If there is job security and no retrenchments, and Eskom can consult with us (about restructuring), we would give it a chance. At the end of the day there cannot be a situation where there will be job losses.
Wiliam Mabapa, deputy general secretary of the National Union of Mineworkers (NUM), finds himself at the helm after the sudden death of general secretary, David Sipunzi on Christmas Day after a brief illness. In February 2021, NUM will select an acting general secretary - Mabapa appears to be the obvious successor - and its main leadership elections will be held next year.
NUM has a number of priorities for 2021, including wage talks in the gold sector against the backdrop of elevated prices and rising profits for the companies - a point that will not be lost on the union. State-run power utility Eskom is also high on the union’s agenda. NUM is not opposed to the company’s plans to split into three units, but Mabapa has made it clear that the union will not accept job cuts or privatisation as part of the process.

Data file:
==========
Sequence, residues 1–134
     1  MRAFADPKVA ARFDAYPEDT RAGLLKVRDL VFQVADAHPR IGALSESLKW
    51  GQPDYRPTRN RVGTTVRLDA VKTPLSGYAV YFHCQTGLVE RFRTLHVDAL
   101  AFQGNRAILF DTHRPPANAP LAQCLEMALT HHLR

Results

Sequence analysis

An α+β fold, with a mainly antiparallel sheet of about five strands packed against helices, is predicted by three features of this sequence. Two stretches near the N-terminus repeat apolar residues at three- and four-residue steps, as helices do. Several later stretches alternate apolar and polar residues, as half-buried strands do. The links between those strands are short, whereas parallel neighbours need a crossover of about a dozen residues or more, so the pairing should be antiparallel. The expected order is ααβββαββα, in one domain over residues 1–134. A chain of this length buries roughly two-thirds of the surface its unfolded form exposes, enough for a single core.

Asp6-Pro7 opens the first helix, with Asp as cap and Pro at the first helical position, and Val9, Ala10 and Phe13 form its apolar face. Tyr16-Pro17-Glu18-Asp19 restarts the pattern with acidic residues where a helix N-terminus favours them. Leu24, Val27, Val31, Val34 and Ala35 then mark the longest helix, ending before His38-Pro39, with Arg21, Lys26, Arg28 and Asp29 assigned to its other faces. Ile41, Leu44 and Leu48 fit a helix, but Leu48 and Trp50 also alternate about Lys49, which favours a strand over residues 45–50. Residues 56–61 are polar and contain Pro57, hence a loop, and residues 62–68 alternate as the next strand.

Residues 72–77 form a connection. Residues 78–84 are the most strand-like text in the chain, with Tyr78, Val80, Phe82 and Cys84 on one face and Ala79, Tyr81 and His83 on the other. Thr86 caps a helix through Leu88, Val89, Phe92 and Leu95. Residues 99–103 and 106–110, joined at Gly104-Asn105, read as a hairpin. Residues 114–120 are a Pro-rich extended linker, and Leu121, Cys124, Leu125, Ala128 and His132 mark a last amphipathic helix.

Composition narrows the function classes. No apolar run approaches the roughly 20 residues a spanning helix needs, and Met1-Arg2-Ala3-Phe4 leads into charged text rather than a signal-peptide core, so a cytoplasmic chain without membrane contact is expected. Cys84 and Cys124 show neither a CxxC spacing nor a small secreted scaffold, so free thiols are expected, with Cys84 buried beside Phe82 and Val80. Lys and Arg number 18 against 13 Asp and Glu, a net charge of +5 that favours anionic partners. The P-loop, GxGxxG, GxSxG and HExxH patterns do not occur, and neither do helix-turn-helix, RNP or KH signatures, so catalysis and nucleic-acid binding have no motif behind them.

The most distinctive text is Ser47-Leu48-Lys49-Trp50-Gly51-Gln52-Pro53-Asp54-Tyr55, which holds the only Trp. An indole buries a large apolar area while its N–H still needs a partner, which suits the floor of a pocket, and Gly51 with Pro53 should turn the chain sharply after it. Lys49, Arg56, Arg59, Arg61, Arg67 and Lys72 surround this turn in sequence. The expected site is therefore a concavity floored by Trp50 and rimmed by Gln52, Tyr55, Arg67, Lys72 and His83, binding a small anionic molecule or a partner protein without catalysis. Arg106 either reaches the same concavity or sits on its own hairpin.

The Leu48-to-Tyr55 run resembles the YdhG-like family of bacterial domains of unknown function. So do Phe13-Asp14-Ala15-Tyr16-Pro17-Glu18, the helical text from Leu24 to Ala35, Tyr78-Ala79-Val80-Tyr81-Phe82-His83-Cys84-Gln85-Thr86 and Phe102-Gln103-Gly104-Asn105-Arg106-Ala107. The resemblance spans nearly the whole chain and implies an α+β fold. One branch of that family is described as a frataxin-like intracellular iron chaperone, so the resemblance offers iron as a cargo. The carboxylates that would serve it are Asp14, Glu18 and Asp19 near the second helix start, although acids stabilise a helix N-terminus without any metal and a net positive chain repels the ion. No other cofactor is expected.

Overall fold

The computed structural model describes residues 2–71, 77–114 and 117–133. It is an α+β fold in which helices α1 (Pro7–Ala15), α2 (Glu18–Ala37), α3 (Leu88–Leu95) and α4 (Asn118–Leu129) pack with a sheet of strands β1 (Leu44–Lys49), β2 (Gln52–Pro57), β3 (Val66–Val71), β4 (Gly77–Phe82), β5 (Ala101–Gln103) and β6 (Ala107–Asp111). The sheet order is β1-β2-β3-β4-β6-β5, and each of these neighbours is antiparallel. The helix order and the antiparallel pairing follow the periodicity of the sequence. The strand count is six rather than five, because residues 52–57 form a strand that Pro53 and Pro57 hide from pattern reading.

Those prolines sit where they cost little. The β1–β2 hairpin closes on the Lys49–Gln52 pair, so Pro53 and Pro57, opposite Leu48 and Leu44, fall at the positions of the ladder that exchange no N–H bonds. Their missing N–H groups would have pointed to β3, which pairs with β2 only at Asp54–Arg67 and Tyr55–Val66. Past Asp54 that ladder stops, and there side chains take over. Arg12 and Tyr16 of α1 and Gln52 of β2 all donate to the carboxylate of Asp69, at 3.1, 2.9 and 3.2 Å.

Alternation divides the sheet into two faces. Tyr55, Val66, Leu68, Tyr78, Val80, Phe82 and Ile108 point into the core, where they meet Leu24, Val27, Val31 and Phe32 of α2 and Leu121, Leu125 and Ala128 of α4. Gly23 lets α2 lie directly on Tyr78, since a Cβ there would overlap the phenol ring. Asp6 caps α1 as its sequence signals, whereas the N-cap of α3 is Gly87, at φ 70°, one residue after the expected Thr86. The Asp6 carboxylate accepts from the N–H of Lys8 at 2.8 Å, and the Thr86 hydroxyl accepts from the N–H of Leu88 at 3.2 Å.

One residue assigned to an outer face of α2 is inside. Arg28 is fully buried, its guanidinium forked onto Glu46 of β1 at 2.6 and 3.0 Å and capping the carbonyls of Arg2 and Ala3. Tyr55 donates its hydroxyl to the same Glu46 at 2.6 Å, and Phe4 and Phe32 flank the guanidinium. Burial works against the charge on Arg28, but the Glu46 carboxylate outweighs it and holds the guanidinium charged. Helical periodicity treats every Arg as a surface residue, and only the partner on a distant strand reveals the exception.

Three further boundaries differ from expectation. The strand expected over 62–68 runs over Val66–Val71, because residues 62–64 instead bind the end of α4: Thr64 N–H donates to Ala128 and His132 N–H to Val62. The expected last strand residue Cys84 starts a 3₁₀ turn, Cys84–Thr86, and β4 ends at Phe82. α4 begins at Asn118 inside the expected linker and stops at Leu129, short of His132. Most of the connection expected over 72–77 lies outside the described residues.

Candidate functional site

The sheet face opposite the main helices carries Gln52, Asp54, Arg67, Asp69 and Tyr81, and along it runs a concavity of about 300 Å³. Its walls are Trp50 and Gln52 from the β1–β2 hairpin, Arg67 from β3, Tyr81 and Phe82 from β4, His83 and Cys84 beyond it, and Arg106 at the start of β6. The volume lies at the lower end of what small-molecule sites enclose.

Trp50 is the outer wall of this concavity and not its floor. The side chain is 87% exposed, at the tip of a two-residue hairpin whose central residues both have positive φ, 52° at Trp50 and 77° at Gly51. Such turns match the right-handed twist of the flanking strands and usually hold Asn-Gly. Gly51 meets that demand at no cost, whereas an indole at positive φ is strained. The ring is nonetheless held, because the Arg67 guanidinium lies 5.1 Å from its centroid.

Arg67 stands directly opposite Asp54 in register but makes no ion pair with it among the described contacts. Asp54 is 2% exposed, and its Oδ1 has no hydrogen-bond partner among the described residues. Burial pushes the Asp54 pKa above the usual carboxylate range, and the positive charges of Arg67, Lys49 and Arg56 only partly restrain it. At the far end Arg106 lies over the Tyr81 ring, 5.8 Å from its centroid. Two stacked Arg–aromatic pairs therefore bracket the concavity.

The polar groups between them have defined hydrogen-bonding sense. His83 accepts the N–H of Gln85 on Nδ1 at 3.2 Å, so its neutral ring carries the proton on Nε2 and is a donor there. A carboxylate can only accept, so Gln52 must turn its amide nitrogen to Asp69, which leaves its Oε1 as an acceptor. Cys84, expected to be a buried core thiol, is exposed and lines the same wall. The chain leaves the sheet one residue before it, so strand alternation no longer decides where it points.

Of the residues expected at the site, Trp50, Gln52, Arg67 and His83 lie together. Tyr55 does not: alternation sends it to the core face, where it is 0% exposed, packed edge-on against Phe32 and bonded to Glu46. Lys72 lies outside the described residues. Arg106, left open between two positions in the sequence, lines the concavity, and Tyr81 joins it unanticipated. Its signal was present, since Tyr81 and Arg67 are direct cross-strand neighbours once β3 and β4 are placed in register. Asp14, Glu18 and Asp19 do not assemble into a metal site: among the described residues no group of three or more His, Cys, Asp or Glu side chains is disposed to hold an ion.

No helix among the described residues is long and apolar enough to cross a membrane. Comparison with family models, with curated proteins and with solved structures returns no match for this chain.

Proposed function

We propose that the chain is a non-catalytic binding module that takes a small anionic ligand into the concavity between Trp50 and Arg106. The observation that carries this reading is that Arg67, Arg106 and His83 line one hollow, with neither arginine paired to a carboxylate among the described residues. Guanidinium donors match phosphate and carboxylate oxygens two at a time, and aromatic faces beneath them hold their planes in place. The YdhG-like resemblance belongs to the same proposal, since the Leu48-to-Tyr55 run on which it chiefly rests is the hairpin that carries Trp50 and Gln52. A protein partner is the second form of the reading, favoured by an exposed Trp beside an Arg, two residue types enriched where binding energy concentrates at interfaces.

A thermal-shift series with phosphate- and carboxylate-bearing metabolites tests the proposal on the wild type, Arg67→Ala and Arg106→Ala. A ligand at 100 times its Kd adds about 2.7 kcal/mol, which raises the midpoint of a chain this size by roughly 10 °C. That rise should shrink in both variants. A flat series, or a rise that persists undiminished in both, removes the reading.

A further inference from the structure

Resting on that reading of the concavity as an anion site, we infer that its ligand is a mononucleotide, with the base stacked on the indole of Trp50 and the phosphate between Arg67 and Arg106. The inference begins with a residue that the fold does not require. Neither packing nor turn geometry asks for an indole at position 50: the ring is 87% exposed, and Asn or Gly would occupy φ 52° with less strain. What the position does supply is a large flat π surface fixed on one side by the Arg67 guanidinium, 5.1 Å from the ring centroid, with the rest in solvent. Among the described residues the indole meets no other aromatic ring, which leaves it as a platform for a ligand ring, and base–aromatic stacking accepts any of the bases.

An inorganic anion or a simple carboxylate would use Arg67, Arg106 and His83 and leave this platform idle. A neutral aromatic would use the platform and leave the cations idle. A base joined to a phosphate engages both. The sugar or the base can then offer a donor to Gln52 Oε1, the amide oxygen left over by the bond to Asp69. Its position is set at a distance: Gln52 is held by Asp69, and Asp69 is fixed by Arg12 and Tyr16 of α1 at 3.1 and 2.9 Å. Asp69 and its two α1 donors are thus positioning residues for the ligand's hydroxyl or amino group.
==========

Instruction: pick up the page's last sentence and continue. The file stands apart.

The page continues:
The pandemic’s challenges are also at the forefront. As the mining sector rebooted from lockdown in 2020, NUM voiced public concerns about the industry’s ability to protect workers from Covid-19. Mabapa has said the union expects larger companies at the very least to purchase vaccines when they are available for their workforce. Some of the union’s members - and other union leaders - have bought into conspiracy theories regarding the vaccine and so convincing them to take the jab will be among NUM’s challenges in 2021. NUM remains a key base of support for the ruling ANC, which gives it some political clout.
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